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  • Welcome to Gale Photography

    Hello, and welcome to my website! I'm Derek Gale, photography trainer and Fine Art photographer based in Worcester.

    If you are looking to improve your photographic creativity, skills or knowledge, check out the Photography Training pages.

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Mobile fun.

I’ve been asked to do a talk, to a local photographic club, about creative photography using digital compact cameras.  Whilst I was preparing the talk, I realised something.  It was that lots of people have a digital compact camera, but call it something else; a mobile phone.  To be sure of covering all possible questions in my talk, I thought I’d try some  creative photography with my own mobile phone camera. 

It was then that I discovered something wonderful …

… it’s that the camera takes a quite a while to read the image from the whole sensor. 

So why is that so wonderful?  Well, it means that if you move the phone camera during the exposure you get an interesting “shape” to the image.  It’s because by the time the last bit of the sensor is read, the camera is looking at something different to what it was looking at when it started reading the sensor.

"Oilseed rape field" by Gale Photography

In this image of oilseed rape flowers, I moved the camera in a quarter circle as I pressed the shutter.  The very curved horizon makes it look as if I’ve used a fisheye lens!  It’s pretty hard to predict exactly what you’ll end up, but it’s easy to experiment, and take another image if the first one needs improvement.

"The wavy notice" by Gale Photography

Here, I’ve used an S-shaped movement, which has given a lovely wave to the fence.  It took a few tries before the writing was sharp enough.  I think it’s a really cool effect.

"Distorted window" by Gale Photography

In this image, of an English country cottage window, the wide-angle lens on the mobile phone camera has given an exaggerated perspective which the creative use of camera movement has emphasised.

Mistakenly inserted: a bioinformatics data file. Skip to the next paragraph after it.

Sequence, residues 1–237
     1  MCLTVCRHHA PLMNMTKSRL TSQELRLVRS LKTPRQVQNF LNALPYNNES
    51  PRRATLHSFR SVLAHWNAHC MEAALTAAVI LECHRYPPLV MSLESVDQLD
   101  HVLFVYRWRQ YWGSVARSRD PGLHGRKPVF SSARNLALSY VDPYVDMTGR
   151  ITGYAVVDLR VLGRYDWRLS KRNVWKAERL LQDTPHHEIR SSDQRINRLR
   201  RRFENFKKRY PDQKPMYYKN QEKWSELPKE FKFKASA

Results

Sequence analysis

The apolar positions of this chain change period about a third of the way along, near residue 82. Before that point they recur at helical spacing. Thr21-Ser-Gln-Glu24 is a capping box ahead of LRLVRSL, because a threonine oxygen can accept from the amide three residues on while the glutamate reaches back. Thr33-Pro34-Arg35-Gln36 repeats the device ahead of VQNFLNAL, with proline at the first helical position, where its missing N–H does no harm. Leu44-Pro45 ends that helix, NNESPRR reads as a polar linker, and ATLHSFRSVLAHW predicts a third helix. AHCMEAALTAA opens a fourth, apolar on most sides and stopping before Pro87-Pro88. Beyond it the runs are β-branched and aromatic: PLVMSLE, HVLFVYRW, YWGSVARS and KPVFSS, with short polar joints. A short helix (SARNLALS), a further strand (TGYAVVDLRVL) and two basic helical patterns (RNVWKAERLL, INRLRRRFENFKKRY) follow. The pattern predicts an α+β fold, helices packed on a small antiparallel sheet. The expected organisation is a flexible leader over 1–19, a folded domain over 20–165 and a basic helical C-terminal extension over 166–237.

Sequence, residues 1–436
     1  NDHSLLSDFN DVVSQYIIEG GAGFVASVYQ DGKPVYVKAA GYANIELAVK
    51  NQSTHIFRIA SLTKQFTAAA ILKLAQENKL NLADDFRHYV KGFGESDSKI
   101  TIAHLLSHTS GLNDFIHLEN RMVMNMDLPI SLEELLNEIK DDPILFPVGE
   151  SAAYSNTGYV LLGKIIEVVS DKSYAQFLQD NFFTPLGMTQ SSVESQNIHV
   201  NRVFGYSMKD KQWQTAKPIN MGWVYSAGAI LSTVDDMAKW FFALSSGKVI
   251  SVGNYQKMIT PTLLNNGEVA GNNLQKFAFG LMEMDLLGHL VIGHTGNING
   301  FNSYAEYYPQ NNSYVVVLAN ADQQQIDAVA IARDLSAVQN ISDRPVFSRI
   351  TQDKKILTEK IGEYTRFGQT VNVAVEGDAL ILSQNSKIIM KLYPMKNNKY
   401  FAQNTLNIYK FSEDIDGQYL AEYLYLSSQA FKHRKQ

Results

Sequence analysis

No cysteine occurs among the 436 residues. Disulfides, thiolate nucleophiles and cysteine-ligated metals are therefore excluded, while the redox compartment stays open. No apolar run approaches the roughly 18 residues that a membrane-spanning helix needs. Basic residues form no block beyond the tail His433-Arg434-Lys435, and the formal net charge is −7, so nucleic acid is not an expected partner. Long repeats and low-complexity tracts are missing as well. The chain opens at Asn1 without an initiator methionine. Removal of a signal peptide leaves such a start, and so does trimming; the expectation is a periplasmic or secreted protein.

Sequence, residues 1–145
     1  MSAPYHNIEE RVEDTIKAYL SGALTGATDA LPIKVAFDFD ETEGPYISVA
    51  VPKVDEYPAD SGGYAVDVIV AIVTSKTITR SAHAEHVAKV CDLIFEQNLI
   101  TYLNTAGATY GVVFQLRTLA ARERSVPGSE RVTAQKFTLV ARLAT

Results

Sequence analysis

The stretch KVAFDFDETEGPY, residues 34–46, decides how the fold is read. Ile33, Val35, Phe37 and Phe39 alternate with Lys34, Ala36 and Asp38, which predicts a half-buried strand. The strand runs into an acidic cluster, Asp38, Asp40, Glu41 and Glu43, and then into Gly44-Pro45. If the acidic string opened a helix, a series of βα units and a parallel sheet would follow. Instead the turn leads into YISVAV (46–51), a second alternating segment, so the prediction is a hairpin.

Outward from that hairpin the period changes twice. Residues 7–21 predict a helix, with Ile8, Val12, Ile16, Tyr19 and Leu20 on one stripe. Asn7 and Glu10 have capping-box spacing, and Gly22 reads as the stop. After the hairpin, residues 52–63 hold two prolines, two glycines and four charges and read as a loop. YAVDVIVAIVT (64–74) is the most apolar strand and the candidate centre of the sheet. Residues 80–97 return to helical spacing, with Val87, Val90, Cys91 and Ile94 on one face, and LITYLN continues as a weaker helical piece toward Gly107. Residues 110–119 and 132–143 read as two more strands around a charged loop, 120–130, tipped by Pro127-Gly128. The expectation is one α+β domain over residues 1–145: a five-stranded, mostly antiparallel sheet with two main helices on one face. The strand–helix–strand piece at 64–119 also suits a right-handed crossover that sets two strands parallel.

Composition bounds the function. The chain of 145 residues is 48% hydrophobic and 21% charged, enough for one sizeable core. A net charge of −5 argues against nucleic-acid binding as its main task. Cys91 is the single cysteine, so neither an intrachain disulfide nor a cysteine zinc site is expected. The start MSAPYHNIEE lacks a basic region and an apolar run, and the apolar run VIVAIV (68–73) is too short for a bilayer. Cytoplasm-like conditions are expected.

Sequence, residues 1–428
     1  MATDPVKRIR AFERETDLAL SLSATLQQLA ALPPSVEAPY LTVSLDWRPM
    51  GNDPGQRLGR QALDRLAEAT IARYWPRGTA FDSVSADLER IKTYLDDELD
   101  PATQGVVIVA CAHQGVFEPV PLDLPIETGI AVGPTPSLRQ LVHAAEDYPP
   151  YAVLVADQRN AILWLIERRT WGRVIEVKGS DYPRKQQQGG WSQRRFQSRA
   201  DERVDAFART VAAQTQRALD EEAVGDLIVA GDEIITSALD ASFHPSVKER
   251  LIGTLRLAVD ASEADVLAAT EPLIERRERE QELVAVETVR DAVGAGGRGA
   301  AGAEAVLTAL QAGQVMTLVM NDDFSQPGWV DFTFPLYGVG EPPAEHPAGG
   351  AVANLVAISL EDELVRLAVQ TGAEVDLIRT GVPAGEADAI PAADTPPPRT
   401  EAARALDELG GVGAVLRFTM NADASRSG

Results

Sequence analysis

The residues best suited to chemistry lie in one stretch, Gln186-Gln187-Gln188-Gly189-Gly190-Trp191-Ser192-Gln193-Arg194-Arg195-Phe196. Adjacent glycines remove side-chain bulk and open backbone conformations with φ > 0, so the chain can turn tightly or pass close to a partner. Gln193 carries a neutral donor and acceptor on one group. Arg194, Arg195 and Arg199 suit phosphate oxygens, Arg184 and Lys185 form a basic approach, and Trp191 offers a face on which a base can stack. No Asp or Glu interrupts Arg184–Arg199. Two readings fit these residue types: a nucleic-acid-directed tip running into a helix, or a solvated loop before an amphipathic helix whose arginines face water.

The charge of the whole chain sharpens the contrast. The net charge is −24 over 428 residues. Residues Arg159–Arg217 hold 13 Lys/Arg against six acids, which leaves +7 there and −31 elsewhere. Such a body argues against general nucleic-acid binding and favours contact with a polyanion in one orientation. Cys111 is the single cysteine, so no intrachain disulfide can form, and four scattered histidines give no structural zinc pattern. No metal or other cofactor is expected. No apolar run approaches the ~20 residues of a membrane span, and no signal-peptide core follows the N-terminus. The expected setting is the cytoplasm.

“Insect eye abstract” by Gale Photography

In this final image I’ve not used camera movement.  I’ve used a small plastic optical toy (an insect eye kaleidoscope) to make an abstract image.  The phone camera’s lens is very small and fitted nicely inside.  You can’t do this with a digital SLR as the lenses are too big.  Part of the image is of the inside of the toy, and part is through the insect eye lens.  It’s a blank DVD in its case, but it looks completely unrecognisable.

So, be creative with your phone camera and have some photographic fun!

If this has inspired you to want to know more about creative photography, then why not come to one of my courses? 

There’s lots of info on my website at

AnneMay 7, 2010 - 5:31 pm

I like the window! Must try this technique with my own mobile. It looks like fun.

An eccentric photographer.

I think that eccentric photography is a good thing! 

There are various meanings of the word “eccentric”, but let’s use the one that, according to Wikipedia, means “out of the centre”. 

It’s really easy to put the main subject of your images in the exact centre, as most of the time it’s how we see things.  When we look at a person or thing, we place them (especially their eyes) in the centre of our field of vision.   With portrait photography that’s not always the best way to get an interesting composition.

"The orange cup" by Gale Photography